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  Chapter Eleven:
 
GOVERNMENT
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  Government Spending
  Government Employees
  Federal Entitlements
  Federal Judiciary
  Military Personnel
  Blacks in the Military
  Women in the Military
  War Deaths
  Veterans
  Patriotic Attitudes

  

 

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GOVERNMENT

War Deaths

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In the five major conflicts in which the United States engaged during the century, American losses were highest in World War II.
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A total of 440,000 U.S. military personnel were killed in action in the wars of the twentieth century, two-thirds of them during World War II. The battle death rate ranged from 3.1 percent of the Marines in World War I to 0.006 percent of naval personnel in the Persian Gulf War. In all five conflicts—World Wars I and II, the Korean and Vietnam wars, and the Persian Gulf War—Marines and Army ground units bore the brunt of the losses. But none of the services approached the 6.1 percent rate of battle deaths recorded by the Union forces in the Civil War. 

These tragic losses were much lighter in number than those borne by our allies and adversaries. Worldwide, more than 100 million soldiers and civilians were killed in the wars of the twentieth century. Besides the human costs, most of the nations involved in these wars suffered vast physical destruction. Because of its geographic location, the United States was exempt from the civilian casualties, property damage, and most of the domestic disruption suffered by other nations.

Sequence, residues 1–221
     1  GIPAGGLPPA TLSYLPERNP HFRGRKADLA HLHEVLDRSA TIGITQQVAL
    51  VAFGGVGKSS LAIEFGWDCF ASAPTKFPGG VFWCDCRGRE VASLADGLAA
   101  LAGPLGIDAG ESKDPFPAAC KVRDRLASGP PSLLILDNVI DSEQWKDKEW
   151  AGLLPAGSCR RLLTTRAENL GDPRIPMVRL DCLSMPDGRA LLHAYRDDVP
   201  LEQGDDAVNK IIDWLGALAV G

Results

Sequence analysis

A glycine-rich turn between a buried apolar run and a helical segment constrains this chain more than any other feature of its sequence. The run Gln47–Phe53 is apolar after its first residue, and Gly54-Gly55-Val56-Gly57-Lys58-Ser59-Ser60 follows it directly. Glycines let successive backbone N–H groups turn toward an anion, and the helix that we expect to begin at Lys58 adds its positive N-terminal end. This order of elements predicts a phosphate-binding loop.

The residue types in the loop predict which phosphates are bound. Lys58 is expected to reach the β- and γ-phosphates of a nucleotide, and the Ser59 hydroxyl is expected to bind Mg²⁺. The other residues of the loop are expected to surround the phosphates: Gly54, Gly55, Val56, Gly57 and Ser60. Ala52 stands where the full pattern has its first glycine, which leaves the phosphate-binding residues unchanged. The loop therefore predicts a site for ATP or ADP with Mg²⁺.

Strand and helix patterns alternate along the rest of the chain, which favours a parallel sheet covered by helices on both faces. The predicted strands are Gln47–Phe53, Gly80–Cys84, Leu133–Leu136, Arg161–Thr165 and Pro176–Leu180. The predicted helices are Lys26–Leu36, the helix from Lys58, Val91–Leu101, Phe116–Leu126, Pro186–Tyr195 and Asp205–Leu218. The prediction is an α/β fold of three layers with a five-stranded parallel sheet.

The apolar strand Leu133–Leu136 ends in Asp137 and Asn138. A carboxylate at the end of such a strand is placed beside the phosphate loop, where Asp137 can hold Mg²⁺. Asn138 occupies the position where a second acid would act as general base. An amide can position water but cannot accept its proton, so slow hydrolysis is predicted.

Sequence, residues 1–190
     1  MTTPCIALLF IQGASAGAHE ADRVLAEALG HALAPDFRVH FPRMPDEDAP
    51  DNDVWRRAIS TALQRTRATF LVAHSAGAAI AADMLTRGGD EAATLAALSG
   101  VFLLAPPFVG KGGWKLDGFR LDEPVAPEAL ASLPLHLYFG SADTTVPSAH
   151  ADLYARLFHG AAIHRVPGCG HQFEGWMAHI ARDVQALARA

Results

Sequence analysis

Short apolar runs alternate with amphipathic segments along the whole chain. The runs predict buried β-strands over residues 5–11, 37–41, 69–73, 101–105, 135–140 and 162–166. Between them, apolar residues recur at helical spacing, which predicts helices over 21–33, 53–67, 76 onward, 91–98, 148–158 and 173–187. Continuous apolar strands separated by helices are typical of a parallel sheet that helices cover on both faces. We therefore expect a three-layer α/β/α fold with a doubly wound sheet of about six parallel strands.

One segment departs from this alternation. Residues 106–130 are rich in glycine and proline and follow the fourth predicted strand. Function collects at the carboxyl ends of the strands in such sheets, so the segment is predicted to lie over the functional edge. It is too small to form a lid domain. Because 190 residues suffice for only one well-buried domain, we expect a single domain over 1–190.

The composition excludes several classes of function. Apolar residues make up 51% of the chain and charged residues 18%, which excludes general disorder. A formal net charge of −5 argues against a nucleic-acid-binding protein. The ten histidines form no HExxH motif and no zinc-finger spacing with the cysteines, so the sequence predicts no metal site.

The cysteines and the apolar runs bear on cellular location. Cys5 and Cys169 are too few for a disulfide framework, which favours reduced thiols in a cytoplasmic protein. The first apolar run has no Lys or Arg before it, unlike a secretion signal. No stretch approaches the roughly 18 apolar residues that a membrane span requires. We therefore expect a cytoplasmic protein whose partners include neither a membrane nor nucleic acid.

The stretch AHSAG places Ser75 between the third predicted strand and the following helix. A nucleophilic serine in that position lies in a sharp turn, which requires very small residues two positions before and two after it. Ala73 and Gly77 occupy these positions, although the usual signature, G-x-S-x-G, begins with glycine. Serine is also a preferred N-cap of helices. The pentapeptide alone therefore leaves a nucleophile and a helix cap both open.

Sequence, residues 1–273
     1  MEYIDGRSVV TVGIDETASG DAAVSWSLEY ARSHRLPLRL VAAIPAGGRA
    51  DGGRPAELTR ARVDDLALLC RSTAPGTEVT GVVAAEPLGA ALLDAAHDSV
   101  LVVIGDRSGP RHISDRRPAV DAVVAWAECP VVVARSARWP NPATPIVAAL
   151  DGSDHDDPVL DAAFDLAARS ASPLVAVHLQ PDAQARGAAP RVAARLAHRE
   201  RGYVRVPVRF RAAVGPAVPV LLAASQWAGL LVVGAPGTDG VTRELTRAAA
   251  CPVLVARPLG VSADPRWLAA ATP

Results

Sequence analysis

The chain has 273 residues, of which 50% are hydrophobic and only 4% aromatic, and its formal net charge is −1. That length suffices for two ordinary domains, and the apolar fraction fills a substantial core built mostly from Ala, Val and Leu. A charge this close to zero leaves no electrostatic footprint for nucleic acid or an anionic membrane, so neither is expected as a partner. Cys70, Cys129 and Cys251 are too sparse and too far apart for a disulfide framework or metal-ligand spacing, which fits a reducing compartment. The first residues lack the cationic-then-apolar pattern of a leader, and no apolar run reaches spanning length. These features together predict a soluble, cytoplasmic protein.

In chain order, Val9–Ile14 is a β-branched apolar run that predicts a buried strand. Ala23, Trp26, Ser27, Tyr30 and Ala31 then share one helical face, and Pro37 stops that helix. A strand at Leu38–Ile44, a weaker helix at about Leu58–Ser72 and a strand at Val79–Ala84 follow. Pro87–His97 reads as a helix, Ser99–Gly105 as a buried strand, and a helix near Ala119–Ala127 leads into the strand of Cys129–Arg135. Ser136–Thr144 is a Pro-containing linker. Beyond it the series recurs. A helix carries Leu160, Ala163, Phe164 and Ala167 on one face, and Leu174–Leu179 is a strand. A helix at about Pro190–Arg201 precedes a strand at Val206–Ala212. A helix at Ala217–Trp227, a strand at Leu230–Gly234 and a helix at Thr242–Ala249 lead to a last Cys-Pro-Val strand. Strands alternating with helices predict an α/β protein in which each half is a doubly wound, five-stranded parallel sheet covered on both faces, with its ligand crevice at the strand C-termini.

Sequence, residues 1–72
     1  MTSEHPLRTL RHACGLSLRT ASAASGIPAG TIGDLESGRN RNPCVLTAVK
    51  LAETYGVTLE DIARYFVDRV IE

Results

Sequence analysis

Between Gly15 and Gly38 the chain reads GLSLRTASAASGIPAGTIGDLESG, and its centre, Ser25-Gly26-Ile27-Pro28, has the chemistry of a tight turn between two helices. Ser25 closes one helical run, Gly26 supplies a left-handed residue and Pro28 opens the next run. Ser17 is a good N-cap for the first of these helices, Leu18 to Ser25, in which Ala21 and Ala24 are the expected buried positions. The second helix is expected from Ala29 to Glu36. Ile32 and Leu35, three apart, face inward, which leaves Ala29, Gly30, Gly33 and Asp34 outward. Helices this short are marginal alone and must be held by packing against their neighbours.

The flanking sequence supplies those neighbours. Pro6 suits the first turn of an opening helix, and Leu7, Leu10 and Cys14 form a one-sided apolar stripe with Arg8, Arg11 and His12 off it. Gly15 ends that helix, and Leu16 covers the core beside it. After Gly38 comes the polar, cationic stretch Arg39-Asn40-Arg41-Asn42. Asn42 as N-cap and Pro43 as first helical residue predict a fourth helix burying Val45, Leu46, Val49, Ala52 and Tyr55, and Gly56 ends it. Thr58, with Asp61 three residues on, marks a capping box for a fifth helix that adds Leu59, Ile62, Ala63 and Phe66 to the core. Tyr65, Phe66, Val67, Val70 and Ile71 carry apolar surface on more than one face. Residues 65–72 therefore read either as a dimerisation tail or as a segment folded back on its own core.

Aside from the risks of combat, wartime military service became progressively less hazardous during the century. In every war the United States fought before this century, deaths of military personnel from disease and accidents greatly outnumbered battle deaths. As late as World War I, nonbattle deaths were somewhat more numerous than battle deaths, but thereafter the balance shifted. In the Korean and Vietnam conflicts, for example, battle deaths outnumbered nonbattle deaths by almost 5 to 1. 

Battle death rates declined because of America’s increasing technological advantage in military equipment and improved treatment of battle wounds. U.S. weapons, vehicles, and defensive measures were superior to those of most of its adversaries. American casualties were quickly evacuated to hospitals, saving thousands of lives.


Chapter 11 chart 8

Source Notes
Source Abbreviations

HS series Y 857, Y 859, Y 860, Y 879, and Y 880; WA 1998, page 149.

 

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